SARS CoV-2 Variants: What to Know
January 21, 2022
The past few months have seemed to be a roller coaster of news for the COVID-19 pandemic. With restrictions being taken down, vaccines being developed, and the onset of a potential second wave of sorts before us as families come back from the holidays. However, one development has confused and scared the public the most; that being the new variants of COVID-19, particularly the delta and omicron varieties. These variants have picked up quite the attention as each seems to be more deadly in different ways with the public not having a complete grasp on what, how, and why these variants exist.
What is a Variant?
To those who have been taught genetic evolution and natural selection, variants within COVID-19 should not be surprising. Genetic evolution proves that select mutations that prove to be promising within an organism, or in this case a virus, will be “selected” by means of natural selection which supposes that organisms with promising mutations will survive and reproduce more than those without leading to the following generation having these mutated traits which are occurring within the COVID-19 strain of SARS. But how do these strains occur so fast if natural selection is meant to span generations? Well, viruses are far different than any normal living organism. Viruses can have multiple generations in the span of weeks with every new host producing a new generation of viruses. This speeds up the natural selection process and is how the Flu or cold keeps coming back every year. However, in this case, COVID-19 has infected so many people very fast leading to the rapid production of new successful variants such as delta and omicron.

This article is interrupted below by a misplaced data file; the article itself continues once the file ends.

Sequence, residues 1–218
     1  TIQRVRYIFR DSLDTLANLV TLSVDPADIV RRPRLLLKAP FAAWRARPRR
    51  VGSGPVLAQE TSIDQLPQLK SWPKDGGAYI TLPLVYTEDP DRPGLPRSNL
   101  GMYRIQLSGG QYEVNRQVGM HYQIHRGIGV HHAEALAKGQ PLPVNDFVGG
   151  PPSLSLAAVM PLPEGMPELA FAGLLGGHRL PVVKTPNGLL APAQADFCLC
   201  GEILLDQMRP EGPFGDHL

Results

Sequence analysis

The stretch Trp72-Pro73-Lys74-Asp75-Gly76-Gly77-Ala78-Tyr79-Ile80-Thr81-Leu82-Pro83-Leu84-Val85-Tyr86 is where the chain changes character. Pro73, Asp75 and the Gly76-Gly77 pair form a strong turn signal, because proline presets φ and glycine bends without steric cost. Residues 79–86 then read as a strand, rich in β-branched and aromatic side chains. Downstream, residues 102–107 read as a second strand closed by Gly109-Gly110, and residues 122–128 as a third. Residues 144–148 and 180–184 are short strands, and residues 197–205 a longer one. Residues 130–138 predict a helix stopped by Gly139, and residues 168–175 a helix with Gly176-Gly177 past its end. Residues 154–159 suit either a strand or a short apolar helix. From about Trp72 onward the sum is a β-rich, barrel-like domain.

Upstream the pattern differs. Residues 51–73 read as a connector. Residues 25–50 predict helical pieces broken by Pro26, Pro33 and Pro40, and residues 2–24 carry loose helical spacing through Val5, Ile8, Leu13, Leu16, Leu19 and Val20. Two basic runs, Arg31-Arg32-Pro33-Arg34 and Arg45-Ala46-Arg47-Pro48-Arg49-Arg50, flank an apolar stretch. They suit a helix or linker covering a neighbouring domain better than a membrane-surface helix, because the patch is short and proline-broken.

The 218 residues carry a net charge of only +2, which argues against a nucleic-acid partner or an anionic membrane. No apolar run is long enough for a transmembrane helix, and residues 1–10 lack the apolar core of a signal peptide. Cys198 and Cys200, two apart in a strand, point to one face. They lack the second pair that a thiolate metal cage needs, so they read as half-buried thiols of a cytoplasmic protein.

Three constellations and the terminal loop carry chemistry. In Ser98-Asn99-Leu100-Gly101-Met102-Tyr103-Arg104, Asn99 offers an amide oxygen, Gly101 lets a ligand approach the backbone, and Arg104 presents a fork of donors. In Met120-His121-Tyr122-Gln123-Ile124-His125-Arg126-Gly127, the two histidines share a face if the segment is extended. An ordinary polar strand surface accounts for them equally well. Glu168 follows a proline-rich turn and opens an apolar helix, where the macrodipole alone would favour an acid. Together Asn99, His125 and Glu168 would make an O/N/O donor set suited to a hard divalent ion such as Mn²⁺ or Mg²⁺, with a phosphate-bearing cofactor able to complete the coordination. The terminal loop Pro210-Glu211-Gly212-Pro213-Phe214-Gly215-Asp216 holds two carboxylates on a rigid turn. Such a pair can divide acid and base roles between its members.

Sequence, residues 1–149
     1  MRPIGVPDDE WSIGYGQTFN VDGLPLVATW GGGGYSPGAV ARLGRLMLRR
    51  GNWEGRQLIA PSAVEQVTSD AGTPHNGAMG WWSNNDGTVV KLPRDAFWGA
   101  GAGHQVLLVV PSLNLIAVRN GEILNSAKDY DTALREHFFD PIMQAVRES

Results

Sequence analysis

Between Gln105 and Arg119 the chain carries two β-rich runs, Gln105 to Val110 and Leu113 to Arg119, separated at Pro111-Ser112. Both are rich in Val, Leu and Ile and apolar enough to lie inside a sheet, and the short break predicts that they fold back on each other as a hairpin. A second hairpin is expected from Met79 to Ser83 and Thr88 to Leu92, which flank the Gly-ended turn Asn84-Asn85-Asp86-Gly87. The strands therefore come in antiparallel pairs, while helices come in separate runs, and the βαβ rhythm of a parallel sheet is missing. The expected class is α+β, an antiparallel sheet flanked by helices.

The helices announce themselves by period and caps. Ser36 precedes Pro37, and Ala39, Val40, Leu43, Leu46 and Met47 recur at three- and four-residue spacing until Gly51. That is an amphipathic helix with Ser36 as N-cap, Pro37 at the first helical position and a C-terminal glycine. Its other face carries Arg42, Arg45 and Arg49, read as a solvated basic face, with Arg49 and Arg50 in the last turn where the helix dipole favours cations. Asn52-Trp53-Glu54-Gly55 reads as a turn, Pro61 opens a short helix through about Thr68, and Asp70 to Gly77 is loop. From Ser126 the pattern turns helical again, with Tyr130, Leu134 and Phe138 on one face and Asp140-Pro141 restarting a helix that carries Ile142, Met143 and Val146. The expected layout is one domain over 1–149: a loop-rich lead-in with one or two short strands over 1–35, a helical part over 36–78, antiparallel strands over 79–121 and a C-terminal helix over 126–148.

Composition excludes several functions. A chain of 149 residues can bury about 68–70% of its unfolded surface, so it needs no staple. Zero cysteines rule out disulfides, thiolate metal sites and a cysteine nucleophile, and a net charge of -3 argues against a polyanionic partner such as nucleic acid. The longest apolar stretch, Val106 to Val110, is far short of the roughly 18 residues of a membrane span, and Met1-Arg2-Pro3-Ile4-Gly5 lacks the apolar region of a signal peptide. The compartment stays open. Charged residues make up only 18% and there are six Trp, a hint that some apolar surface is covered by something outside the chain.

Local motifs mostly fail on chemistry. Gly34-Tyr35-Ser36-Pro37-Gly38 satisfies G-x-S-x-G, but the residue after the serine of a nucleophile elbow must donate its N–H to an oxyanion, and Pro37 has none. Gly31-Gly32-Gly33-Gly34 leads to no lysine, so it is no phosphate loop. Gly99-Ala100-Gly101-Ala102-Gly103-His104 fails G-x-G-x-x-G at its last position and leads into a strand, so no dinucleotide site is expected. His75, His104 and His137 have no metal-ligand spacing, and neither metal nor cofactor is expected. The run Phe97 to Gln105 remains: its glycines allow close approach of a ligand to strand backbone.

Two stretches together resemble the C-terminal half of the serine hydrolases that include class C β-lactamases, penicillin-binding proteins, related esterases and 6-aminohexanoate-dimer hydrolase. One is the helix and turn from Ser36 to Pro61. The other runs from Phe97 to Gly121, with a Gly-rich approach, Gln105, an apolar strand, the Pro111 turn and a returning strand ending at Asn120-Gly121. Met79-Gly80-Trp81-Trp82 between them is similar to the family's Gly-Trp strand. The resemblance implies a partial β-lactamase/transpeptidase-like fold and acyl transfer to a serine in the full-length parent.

Which Variants Are The Most Dangerous?
The three main variants (SARS CoV-2, delta, and omicron) are mostly the same apart from very specific differences. Base COVID-19 (SARS CoV-2) has much of the same symptoms as its other variants such as coughing, loss of taste/smell, shortness of breath, fatigue, aches and pains, headache, sore throat, congestion, nausea and vomiting, and diarrhea with late stages being categorized by trouble breathing, persistent pain in the chest area, confusion, inability to wake or stand and pale or gray looking skin. All these symptoms can be attributed to the variants; however, the differences arise when you look at the spreading and severity of these symptoms. For instance, delta has a lower spreading rate than base COVID-19, however, the severity of symptoms such as coughing and chest pressure are far more severe with delta and is more likely to lead to death than its counterpart. As for omicron, this variant spreads rapidly, far faster than delta and base COVID-19. However, the virus is more cold-like therefore symptoms such as coughing and congestion are far more severe than late-stage symptoms making omicron more in line with the common cold than an extreme human killer. However, it should be noted that data on omicron is low as this variant is relatively new. In the end, the delta variant is the most dangerous on paper, however, each should be taken equally seriously as not much is known about all of them.
What is the Best Way to Mitigate Your Chance of Getting These Variants or COVID-19?
What is the Future of COVID-19 and the Pandemic With These Variants?
For the last two years, many people have had a more than grim outlook on the pandemic. With these new variants, many are concerned that the pandemic will never end and that COVID-19 will just keep evolving to the point where we can’t stop it anymore. However, the finding of the omicron variant proves that things will get better before it gets worse. With the omicron variant, we are seeing cold-like genetics which means that COVID-19 is likely to evolve into a cold-like virus with a few flu-like aspects. This is promising as if natural selection works the way it should, the omicron strain will spread and produce more generations of the virus than any other variant which will make future generations of COVID-19 more like omicron and more like a cold. This could lead to COVID-19 becoming far less dangerous than it is now making it more like the flu than a killer, world-ending virus. However, this will take time and for now, the best thing we can do is listen to researchers and scientists as we figure out this virus. For now, the best thing we can do is get vaccinated, boosted, and just do our best to wear masks and social distance. One day we will get back to normal but only if we do our part to ensure it.